• Intimacy vs. Isolation (18 – 30 years). Without a strong sense of identity, it is impossible to achieve true intimacy with another person. As the now adult child matures, it is natural for them to pull away even further. Unfortunately, in the American culture today, the previous stage is often extended unnaturally well into the twenties. Fathers who focus on proper development find ways to encourage their adult child to leave the nest and integrate into society without being harsh.
  • Generativity vs. Stagnation (30 – 60 years). This stage and the next cannot be taught; rather it is modeled by their father. These dads live a life of individual development, professional advancement, and community generosity. They demonstrate a strong work ethic while striving to understand their adult child’s vocation. There is no comparing between siblings, just an appreciation for each adult child’s unique path. The successful completion of this stage spreads wealth, knowledge, and compassion to the next generation.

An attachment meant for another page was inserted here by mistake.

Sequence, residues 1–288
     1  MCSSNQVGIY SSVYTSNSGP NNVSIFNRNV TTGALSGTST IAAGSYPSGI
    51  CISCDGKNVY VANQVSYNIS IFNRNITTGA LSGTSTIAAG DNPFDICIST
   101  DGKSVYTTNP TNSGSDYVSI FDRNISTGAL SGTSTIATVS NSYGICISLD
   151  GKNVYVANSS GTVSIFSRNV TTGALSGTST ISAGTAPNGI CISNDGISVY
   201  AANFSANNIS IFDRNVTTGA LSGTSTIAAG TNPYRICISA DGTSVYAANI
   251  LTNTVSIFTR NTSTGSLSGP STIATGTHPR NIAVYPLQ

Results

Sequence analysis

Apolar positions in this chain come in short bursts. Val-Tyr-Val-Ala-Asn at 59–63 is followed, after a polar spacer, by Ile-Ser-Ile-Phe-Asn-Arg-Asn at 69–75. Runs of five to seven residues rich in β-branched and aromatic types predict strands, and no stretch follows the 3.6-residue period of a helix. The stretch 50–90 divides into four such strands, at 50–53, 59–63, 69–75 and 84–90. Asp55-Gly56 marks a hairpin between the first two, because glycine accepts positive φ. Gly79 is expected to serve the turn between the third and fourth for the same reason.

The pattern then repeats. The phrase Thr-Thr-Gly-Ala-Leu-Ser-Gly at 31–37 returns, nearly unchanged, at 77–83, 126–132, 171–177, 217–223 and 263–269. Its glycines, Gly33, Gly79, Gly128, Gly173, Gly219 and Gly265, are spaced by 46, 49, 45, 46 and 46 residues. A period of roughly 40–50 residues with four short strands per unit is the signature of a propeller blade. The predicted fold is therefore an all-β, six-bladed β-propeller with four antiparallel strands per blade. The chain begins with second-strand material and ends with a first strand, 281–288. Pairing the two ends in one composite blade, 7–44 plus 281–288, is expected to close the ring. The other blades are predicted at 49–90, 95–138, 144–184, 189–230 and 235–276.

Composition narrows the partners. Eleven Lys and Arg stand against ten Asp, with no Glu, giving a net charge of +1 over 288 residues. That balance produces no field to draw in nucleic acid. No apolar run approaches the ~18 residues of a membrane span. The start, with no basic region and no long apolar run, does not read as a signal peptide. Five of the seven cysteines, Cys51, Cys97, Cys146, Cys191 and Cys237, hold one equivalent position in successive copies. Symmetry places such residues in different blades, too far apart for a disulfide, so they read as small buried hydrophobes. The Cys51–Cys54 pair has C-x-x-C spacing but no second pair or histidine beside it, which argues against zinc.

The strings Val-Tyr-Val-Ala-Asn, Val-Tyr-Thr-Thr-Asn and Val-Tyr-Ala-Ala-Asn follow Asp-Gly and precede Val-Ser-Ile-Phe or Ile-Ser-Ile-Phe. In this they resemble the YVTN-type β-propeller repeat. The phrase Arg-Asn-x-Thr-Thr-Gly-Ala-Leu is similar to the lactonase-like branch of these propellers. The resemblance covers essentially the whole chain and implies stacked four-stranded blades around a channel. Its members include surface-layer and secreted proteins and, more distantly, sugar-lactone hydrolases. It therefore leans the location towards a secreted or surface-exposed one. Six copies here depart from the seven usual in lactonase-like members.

• Integrity vs. Despair (60 – death). With age comes wisdom and these dads are willing to share their kernels of truth and insight. They are available to their adult child providing guidance only when asked. They are not judgmental of their adult child’s choices but find areas of pride and joy in their accomplishments. They focus on the positive aspects of their adult child’s life and minimize the failures or struggles.

The best of fathers master these skills and help to rise up another successful generation. Their attentiveness to intentional parenting is a blessing for many generations to come. They deserve appreciation and thanks for their efforts.

What Does a Good Father Look Like?

 


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APA Reference
Hammond, C. (2019). What Does a Good Father Look Like?. Psych Central. Retrieved on June 26, 2019, from https://pro.psychcentral.com/exhausted-woman/2019/06/what-does-a-good-father-look-like/